* Voluntarily attends early morning meeting with probation
* Nakoula not under arrest and not handcuffed
* Use of aliases, Internet may violate prison release terms
By Alex Dobuzinskis
LOS ANGELES, Sept 15 A California man linked to
an anti-Islam film that sparked violent protests across the
Muslim world was questioned on Saturday by authorities
investigating possible violations of his probation for a bank
Nakoula Basseley Nakoula, 55, a Coptic Christian, was
voluntarily interviewed by federal probation officers at a
sheriff's station in the Los Angeles suburb of Cerritos and left
about 30 minutes later, said Steve Whitmore, a spokesman for the
Los Angeles County Sheriff's Department.
The crudely made 13-minute English-language movie, filmed in
California and circulated on the Internet under several titles
including "Innocence of Muslims," mocks the Prophet Mohammad and
portrays him as a buffoon.
The film helped generate a violent protest at the U.S.
consulate in the Libyan city of Benghazi during which the U.S.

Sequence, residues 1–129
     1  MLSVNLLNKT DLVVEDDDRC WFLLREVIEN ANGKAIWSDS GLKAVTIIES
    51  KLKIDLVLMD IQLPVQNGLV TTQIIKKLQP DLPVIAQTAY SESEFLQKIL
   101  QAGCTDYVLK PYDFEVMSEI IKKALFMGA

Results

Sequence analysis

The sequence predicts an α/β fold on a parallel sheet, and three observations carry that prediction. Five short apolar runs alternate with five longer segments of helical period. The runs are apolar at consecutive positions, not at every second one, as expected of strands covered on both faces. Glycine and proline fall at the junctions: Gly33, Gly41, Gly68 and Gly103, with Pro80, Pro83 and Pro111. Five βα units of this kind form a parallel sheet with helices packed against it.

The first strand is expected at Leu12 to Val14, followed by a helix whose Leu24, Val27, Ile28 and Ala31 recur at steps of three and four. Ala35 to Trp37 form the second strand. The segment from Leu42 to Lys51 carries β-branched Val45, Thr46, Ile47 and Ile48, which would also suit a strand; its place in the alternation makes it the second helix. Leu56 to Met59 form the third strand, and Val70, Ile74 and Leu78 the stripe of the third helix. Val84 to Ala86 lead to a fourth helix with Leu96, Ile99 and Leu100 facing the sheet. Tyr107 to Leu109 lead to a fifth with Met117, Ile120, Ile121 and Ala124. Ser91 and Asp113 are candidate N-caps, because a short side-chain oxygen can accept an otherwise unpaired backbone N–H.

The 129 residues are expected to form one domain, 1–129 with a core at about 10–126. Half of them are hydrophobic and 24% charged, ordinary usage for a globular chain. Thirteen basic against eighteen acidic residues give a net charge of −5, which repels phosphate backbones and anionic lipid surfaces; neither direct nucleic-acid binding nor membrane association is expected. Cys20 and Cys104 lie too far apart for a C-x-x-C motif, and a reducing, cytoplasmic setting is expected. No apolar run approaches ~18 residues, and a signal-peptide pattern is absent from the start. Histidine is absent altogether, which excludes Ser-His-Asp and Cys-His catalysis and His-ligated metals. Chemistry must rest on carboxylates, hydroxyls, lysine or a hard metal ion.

ambassador and three other Americans were killed on Tuesday.
U.S. officials said they believe militants used the protest as
cover to carry out an armed assault on the diplomatic compound
and a building that was supposed to be a safe house.
Protests have spread to other countries across the Muslim
For many Muslims, any depiction of the prophet is
blasphemous. Caricatures deemed insulting in the past have
provoked protests and drawn condemnations from officials,
preachers, ordinary Muslims and many Christians.
U.S. officials have said authorities were not investigating
the film project itself, and that even if it was inflammatory or
led to violence, simply producing it cannot be considered a
crime in the United States, which has strong free speech laws.
An attorney for Nakoula did not return phone calls and a
representative for the U.S. Probation Office had no comment on
the outcome of Nakoula's questioning by officers.
Nakoula was ushered out of his home shortly after midnight
and into a waiting car by sheriff's deputies, his face shielded
by a scarf, hat and sunglasses.
"He was never put in handcuffs ... It was all voluntary,"